There’s a short window in which you can grow sweet corn if you live between 1,000 and 3,000 feet: now through mid-March at the lower end of that range, and from mid-March until early April at the higher.
Plant cucumber and eggplant once soil temperatures are above 65 and there’s no more danger of frost. You can continue planting them through early April below 2,000 feet, and from late March through mid-May if you’re at an elevation of 2,000 to 3,000 feet. If you live above 3,000 feet, seed can be started indoors in early to mid-April to get a jump on the season. Make sure to protect these heat-loving plants if we get a late cold snap!
Continue planting endive and escarole above 3,000 feet until early April, and begin planting it around mid-April if you live above 4,500 feet.
Although garlic is a fall crop for many of us, bulbs can be planted until around mid- to late April above 3,000 feet.
Horseradish dislikes rapid cycles of freezing and thawing, and does its best growing in late summer to early fall. If you live above 3,000 feet, wait until the danger of freezing is past but get them in the ground before it gets too warm. It may already be too warm to plant horseradish at Tucson’s elevation unless we have a long, cool spring. It generally stays too warm below 2,000 feet to have much success growing this perennial.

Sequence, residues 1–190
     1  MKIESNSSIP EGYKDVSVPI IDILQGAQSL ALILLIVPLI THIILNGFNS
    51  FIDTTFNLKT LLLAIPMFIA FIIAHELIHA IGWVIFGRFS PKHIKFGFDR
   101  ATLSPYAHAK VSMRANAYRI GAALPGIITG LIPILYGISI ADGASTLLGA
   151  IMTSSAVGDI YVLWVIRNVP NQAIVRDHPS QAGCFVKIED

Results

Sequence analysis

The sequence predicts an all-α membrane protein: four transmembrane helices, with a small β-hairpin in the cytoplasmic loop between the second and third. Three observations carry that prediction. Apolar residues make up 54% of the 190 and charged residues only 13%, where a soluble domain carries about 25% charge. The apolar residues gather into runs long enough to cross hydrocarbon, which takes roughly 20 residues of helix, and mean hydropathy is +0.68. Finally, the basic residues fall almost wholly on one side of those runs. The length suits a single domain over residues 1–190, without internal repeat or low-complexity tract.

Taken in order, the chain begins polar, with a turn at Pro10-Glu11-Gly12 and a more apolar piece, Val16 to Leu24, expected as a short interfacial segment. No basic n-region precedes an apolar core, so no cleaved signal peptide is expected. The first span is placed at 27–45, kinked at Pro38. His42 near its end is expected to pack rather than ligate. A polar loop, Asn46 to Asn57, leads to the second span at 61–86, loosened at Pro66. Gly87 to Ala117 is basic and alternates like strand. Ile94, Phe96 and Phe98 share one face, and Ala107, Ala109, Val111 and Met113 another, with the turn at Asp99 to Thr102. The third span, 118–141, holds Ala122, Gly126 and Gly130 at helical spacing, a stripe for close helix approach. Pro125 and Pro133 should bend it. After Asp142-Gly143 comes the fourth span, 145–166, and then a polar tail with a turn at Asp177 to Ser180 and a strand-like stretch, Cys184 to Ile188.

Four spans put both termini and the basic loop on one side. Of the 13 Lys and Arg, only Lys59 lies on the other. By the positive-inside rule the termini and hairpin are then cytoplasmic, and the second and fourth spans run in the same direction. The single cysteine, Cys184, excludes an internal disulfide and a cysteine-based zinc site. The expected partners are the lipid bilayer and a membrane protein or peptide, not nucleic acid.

Kale, kohlrabi, leek, and lettuce are all cool-season veggies, so there’s still some time left to grow them at middle to higher elevations. Leaf lettuce can be planted until early April at 2,000 to 3,000 feet, and until mid-April above that elevation. Head lettuce can be planted until mid-March at 3,000 to 4,500 feet. Those above 3,000 feet can plant kale until late March or early April, kohlrabi from early April to mid-May, and short-season leek varieties until mid- to late April.